On Liberty Test | Lesson Plans Mid-Book Test - Hard

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Mid-Book Test - Hard

Name: _________________________ Period: ___________________

This test consists of 5 short answer questions, 10 short essay questions, and 1 (of 3) essay topics.

Short Answer Questions

1. In what subjects was his education clearly weak?

2. How does John Stuart Mill begin this chapter?

3. What was J.S. Mill to the women's movement?

4. Who has been exclusively and specifically an intellectual and emotional companion of J.S. Mill's?

5. Of what does the philosopher argue in favor regarding opposing views?

Short Essay Questions

1. What does John Stuart Mill say about the education system in Great Britain in the 1800s? How can one relate to this today?

2. What does the author mean by liberty?

3. How can one learn by expressing one's opinion?

4. What is said about Aristotle regarding tyranny in this chapter?

5. What does the author say about tyranny?

6. What movements are taking place during Mill's time in Great Britain and Europe?

7. What does Mill say about the beliefs that one opposes?

8. What is the story of Copernicus?

9. What is known about John Stuart Mill's father and brother?

10. How does John Stuart Mill complete this book?

Essay Topics

Essay Topic 1

Mill discusses the matter of Free Trade.

Part 1) What is meant by free trade? Why does he discuss this?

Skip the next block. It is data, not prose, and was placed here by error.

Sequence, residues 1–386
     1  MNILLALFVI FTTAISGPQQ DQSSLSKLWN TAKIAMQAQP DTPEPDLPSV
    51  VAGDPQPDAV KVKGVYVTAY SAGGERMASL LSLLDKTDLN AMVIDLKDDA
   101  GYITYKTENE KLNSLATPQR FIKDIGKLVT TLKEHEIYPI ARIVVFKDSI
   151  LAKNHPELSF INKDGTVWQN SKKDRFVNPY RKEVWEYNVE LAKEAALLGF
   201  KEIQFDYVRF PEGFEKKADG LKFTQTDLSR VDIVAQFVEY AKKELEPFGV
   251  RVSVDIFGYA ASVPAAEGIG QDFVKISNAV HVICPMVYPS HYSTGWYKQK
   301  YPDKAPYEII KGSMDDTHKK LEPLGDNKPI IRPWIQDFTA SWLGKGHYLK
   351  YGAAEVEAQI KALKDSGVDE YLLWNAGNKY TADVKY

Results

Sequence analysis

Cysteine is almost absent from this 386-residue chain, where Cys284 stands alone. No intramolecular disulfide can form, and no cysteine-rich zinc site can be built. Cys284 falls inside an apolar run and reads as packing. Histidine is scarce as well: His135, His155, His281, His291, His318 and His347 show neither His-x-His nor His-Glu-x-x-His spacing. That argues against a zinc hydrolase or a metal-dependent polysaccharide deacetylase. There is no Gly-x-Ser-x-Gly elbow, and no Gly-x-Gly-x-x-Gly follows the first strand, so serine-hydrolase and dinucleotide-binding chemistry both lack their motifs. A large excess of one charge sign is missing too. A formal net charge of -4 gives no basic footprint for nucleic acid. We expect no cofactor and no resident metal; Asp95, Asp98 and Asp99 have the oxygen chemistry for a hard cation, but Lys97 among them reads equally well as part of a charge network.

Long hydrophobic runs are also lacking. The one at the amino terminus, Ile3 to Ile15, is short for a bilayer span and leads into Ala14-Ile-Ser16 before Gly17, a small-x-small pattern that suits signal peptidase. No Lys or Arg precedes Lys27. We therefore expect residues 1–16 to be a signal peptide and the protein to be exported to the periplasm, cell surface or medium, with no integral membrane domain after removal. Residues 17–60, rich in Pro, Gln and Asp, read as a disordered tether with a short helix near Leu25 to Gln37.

Part 2) What does the author have to say about free trade? Is this an adequate discussion? Why or why not?

Part 3) How does free trade work in our society? Is what Mill says in this book relevant and realistic in our society? Why or why not?

Essay Topic 2

When the author refers to liberty, he means societal liberty.

Part 1) What is meant by societal liberty? Why is this important to Mill?

Part 2) What are his opinions on societal liberty? How have the opinions come about?

Part 3) How does he question his own and others' beliefs about liberty? Why does he study liberty and its affects on individuals and society?

Essay Topic 3

Copernicus' knowledge of the Solar system is discussed.

Part 1) Describe the story of Copernicus. Why does the author use this as an example to prove the importance of freedom of speech?

Part 2) If Copernicus had been wrong, should he still have been allowed to express his beliefs?

Part 3) What might cause someone to persecute and stifle those with whom they disagree? how does this hurt everyone involved?

(see the answer keys)

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